Healing and Temperance in Knights of the Old Republic

A pivotal theme of Bioware’s seminal Star Wars story Knights of The Old Republic, still very influential even many years later for its branching story and the codification and questioning of many concepts of the myths of the galaxy populated and threaded by the Force is the essential nature of healing and temperance. KOTOR is overwhelmingly a story about negating the slow grind of a villain who is against the nature even of his own faction, the protagonist a Prodigal Knight revivifying the galaxy as they feel suits them best. The story allows for an even view of neutral systems, the hostility of both urban and countryside, and the end point the revelation of Darth Revan being someone who did and will again demonstrate the mastery of power derives from willingness to heal wounds and thus create efficiency and loyalty, and that to understand light and dark, one cult and its opposite all centres around healing and temperance; and in a way, temperance and healing is a core theme of this games sequel in ways both more small scale and subtle yet evident in later writing.

Befitting the Yin and Yang idea; a straightforward new risk with a game that proved to be one of the more popular stories and really took off Bioware as a company. And right beside it was if not the darkest certainly the most cynical, bleak and rushed KOTOR II tale made by Obsidian. Duality in Star Wars literally writes itself, in ways I won’t insult your intelligence by drawing attention to.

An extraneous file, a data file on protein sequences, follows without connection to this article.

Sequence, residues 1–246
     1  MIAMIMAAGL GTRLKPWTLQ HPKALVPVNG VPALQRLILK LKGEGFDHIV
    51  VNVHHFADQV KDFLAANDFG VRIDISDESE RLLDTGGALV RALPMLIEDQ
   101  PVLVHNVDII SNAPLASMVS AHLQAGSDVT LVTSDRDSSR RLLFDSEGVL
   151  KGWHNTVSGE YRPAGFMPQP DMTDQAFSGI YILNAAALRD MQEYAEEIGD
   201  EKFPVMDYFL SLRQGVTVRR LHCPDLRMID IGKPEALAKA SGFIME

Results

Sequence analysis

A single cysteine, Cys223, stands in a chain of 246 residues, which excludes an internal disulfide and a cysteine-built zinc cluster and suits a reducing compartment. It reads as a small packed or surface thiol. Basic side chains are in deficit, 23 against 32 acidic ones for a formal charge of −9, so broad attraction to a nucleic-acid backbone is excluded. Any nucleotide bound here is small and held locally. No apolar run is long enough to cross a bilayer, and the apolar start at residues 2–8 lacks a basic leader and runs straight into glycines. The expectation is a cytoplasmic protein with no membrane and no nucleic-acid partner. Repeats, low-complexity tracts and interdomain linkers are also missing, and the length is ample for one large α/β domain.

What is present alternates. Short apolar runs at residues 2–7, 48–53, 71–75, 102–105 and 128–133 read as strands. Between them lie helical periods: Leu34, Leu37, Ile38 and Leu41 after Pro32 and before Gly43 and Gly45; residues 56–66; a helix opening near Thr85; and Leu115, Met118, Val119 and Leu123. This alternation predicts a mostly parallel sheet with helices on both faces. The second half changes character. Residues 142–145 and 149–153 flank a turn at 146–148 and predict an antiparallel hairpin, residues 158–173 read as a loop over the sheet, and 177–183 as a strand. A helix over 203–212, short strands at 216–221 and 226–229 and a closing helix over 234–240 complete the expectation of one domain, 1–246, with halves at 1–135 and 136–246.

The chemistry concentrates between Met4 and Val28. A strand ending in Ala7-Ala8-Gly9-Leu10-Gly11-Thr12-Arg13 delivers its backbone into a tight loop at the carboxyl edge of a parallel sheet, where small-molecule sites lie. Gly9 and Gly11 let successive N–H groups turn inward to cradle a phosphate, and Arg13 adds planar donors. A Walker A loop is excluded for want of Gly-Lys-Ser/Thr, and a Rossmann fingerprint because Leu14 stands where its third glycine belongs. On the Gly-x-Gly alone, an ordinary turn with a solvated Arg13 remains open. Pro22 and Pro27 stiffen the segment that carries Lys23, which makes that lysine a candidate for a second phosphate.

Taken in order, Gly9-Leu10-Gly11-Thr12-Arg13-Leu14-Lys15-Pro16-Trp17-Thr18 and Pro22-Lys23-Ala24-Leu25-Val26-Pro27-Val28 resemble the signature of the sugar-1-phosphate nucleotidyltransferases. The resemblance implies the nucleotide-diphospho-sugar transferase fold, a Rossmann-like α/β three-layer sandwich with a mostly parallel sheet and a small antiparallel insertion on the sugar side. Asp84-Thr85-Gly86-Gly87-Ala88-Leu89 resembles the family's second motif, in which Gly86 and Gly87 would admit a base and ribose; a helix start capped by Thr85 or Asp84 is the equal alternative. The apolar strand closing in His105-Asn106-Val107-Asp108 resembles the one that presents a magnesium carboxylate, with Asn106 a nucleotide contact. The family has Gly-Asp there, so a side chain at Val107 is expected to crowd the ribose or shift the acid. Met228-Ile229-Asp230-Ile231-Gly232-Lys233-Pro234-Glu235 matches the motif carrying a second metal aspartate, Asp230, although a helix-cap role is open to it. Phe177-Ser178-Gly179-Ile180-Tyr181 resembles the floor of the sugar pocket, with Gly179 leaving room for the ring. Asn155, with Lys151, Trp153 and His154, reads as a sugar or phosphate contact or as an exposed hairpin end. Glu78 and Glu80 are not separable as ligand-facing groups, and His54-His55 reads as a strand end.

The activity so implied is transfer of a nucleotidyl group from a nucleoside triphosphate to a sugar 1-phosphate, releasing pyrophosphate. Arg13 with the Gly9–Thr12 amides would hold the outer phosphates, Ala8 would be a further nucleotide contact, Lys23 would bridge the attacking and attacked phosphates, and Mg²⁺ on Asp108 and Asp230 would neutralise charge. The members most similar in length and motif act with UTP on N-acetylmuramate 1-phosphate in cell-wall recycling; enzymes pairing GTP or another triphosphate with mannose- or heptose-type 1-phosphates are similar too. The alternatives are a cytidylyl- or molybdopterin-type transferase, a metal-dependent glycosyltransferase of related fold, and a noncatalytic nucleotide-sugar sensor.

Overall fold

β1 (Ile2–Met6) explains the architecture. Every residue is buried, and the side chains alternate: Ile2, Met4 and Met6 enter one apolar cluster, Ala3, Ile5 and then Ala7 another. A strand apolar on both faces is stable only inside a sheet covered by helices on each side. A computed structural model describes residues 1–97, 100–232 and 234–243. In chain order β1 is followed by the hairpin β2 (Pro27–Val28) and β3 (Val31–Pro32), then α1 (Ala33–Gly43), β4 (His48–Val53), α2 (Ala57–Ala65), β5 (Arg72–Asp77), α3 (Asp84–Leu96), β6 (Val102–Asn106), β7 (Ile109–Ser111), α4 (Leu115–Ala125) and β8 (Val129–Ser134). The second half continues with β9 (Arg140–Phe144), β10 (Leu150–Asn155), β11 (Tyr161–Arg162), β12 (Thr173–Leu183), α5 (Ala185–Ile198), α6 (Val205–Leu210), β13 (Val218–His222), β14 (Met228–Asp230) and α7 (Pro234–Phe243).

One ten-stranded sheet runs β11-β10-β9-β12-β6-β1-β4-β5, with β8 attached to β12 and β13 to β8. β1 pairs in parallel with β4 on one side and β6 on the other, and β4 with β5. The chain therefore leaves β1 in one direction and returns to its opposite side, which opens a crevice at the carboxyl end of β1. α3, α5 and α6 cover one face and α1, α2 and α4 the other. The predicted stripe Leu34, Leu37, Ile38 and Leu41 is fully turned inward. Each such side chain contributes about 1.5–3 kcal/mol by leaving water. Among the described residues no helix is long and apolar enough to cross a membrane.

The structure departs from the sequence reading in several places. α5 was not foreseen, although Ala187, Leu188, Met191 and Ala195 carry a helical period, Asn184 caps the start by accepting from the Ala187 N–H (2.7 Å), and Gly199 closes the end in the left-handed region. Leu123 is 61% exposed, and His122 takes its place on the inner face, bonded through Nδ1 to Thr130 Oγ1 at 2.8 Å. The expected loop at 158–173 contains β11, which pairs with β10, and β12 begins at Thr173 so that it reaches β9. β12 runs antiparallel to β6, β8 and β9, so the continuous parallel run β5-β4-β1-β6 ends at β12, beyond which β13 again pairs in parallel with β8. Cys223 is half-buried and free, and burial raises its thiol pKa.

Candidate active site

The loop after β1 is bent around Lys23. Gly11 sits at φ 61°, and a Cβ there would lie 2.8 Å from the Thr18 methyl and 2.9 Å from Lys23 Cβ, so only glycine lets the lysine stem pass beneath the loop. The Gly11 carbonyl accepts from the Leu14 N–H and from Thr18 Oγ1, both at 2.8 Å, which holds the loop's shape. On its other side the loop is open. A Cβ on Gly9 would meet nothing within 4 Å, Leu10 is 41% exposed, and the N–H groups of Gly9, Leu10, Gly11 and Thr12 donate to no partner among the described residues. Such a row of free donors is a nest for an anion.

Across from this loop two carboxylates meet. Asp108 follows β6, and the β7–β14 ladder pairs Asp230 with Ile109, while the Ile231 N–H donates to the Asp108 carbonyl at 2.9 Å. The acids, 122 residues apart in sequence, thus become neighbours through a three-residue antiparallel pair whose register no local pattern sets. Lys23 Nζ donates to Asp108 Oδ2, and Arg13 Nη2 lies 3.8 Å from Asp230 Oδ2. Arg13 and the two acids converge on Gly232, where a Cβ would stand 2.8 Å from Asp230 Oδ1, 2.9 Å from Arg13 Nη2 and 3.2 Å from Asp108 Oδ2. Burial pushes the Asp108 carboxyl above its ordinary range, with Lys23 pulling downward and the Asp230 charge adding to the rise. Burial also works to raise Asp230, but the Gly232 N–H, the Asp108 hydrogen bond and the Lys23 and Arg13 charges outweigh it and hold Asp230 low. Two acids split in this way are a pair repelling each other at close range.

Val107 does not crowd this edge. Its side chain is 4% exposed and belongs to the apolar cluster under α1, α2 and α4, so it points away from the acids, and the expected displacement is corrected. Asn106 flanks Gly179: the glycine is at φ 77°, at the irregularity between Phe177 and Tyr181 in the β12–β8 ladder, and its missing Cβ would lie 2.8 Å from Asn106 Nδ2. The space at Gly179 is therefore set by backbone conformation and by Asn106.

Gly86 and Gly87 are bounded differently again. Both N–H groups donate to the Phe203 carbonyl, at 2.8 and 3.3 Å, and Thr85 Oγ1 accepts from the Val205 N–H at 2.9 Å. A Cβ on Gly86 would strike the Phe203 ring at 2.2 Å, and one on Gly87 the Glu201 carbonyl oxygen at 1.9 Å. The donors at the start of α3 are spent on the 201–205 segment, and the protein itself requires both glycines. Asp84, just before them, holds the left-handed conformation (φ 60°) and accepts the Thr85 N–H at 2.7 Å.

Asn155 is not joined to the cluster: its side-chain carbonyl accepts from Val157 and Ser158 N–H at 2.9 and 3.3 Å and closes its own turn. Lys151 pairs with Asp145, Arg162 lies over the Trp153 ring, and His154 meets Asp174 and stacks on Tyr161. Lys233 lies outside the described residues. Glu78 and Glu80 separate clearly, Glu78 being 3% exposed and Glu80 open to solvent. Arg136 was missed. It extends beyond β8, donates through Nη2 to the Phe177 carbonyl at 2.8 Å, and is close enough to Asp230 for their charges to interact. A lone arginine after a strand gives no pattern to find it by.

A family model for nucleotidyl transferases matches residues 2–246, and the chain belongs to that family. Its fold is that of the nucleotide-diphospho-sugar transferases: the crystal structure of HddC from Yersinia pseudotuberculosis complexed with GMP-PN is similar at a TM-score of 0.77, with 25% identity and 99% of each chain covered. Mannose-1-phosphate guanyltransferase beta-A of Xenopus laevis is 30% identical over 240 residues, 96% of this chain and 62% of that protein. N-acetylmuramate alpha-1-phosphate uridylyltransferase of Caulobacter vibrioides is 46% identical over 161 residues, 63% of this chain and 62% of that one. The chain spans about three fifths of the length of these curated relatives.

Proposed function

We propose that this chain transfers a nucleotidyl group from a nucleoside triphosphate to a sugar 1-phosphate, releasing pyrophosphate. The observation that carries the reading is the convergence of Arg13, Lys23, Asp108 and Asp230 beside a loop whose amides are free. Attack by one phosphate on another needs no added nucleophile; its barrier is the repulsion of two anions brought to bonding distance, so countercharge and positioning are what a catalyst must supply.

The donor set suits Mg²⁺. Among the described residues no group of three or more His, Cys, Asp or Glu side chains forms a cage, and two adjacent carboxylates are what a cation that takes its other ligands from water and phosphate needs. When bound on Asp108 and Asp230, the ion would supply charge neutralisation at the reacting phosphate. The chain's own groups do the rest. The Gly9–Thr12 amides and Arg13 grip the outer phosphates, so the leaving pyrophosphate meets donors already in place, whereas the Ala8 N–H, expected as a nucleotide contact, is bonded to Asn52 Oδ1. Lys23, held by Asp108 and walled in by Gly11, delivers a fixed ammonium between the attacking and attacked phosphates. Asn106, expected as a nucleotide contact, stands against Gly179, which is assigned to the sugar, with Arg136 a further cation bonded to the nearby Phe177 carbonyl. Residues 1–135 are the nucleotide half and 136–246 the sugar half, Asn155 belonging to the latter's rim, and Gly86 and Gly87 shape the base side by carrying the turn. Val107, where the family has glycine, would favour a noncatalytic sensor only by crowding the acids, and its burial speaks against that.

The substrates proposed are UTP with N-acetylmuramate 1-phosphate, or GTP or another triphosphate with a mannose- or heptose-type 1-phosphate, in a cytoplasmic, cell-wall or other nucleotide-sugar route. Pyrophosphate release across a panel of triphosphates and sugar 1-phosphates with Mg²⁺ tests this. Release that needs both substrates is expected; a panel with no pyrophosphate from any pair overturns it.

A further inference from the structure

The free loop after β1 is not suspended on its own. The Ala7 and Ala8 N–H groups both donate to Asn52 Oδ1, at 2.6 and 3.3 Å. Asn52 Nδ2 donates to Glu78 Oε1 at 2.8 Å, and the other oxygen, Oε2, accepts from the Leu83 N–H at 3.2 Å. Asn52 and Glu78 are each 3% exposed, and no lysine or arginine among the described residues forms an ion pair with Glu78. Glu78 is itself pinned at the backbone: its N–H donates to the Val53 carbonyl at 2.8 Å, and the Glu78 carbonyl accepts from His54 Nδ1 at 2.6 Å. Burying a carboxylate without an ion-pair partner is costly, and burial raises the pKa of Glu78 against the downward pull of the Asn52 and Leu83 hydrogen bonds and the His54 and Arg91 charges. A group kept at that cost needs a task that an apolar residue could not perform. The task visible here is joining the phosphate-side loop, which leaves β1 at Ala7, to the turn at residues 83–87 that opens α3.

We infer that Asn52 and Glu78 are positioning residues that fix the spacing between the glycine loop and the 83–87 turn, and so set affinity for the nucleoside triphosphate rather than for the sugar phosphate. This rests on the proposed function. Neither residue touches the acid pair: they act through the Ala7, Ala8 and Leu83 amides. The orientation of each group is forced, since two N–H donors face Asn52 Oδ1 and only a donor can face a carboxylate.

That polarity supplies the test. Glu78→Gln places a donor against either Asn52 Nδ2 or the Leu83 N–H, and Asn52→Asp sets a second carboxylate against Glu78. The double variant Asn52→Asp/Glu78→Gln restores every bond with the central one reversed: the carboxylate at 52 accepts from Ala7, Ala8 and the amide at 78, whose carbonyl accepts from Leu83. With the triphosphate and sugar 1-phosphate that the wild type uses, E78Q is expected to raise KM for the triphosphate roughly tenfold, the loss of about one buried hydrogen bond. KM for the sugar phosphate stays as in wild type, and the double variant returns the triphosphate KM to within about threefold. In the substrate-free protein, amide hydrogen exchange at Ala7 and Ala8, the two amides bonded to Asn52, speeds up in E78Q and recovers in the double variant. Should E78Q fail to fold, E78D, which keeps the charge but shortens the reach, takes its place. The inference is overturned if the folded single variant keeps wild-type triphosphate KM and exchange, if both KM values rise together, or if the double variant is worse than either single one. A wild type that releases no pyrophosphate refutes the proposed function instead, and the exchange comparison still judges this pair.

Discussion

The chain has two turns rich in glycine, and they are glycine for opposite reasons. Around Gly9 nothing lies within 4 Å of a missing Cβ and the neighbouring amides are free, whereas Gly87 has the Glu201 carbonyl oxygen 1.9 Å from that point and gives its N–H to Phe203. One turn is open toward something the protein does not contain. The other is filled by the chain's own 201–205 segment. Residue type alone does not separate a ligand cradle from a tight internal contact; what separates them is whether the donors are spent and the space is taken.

A touch I like that KOTOR employs are the Jedi robes, a small art piece. Brown and blue are good colours to keep, and the mixture of robe and light around, it’s to accommodate the game engine sure, but as a kind of uniform I believe fits the hierarchy and time for Jedi removed from the post-Ruusan period very well. In Dantooine, an idyllic Jedi world where the monastic order actually behaves as such has an active set of quests aimed to aid the eccentricities and needs of the people, the main inhabitants are a feature, like the butterflies and ladybugs wandering on leaves.

In a more straightforward tale of Light as good, it suits in this way to subtly show while mistaken or not invincible in their actions, the peaceable yet active defender is the ideal, and fitting for the heroic or a character the player will pick up as part of an order. To heal is to crush the usurper Malak, interestingly even within the Dark Side route, for reasons of ideological purity as much as the Jedi. While ruthless and cruel for stupid reasons, KOTOR establishes a code of the Sith which actually has utility without malevolence at its heart, even ruthlessly conquering the galaxy a Darth Revan is healing it from the war riven state. In the first place, something stated by both games is that temperance is why Revan alone was considered an admirable figure by almost all the galaxy, stumbling upon a superweapon sparingly used brings to mind ideas of Mutually Assured Destruction or the threat of peace through force. In ‘sipping the cup’ Revan emulates certain mystics such as the 40K White Scars, the benevolent not utterly greedy, and thus morally and energetically corrupted witch.